The long-awaited sale of facility services giant ISS has finally turned a corner after the holding company behind Lego and Ontario Teachers' Pension Plan paid €500m for a 26 per cent stake.
While ISS now counts two new shareholders, current owners EQT Partners and GS Capital Partners are not ceding any part of their interests in the sale despite numerous attempts to sell up over the past two years.
KIRKBI Invest, the holding company that owns 75 per cent of popular children's building toys Lego, and the private equity arm of Ontario Teachers' Pension Plan, Teachers' Private Capital, have co-invested.
ISS is readying itself for the December call date on its 11 per cent senior notes and the proceeds of the deal will be used to deleverage the business, which was de-listed from the Copenhagen Stock Exchange by EQT in 2005.
Since then the cleaning and security services provider has made more than 320 acquisitions, doubled its revenue and increased Ebitda by 65 per cent. Today ISS employs 525,000 people across 50 countries, making it the fourth-largest private employer in the world. In the first six months of the year, revenues reached DKr39.1bn (€5.25bn), up one per cent year on year, while operating profit reached DKr1.8bn.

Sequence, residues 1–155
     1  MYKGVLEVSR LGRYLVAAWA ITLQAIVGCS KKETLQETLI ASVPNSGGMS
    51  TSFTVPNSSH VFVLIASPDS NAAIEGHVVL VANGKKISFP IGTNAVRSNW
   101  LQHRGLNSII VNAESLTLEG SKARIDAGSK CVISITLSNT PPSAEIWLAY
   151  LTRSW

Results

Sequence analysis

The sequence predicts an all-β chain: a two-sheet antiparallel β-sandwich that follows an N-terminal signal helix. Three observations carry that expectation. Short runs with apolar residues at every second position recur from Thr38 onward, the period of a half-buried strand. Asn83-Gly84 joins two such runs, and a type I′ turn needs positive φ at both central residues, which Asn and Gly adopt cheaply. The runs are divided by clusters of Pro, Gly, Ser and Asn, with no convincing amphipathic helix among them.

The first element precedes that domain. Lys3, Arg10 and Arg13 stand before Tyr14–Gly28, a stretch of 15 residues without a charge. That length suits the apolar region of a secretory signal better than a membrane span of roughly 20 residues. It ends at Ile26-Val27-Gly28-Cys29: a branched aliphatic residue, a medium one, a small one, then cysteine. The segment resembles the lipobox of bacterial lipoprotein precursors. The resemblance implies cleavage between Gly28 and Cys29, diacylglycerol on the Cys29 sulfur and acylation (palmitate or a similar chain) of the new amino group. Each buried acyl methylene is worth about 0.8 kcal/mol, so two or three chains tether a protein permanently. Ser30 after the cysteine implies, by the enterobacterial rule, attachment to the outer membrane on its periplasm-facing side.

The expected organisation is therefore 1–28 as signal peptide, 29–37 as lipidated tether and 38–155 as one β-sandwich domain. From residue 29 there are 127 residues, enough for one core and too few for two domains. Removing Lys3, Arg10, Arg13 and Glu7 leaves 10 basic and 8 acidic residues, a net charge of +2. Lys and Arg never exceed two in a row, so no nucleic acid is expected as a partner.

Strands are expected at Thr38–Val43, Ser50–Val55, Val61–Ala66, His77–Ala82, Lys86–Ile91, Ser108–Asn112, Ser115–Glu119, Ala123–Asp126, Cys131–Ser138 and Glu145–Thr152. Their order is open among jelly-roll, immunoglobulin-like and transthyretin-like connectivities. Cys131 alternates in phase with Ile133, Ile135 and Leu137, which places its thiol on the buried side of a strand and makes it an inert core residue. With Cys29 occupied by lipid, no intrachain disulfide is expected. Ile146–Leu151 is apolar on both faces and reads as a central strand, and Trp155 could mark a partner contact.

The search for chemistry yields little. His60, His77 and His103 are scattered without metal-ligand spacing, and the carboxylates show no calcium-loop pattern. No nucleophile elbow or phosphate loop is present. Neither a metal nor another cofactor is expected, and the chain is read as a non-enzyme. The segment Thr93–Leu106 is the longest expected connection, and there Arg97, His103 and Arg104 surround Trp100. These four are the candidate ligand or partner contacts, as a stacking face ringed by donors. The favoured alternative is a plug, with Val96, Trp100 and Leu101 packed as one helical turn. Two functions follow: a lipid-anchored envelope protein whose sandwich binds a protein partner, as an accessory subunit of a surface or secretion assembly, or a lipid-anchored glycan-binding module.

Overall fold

ISS is a hot asset because of its potential in emerging markets, with its Asian operations showing double-digit growth in recent months.
G4S, which was left red-faced after admitting to not having enough staff to cover the London Olympics, was set to buy ISS from EQT and Goldman Sachs' private equity unit last October.
However, the security group was forced to terminate the deal after a shareholder backlash, investors voicing their concerns over integrating such a huge business while the economy slowed.
Now troubled G4S chief Nick Buckles faces further embarrassment as under the new deal ISS has been valued way below his bidding price last year.
Before seeking out a trade buyer, ISS's private equity owners had planned to take the company public and with debt now ready to be slashed in December those hopes have been rekindled, chairman Ole Andersen claiming it is in a position to IPO “within a few years”.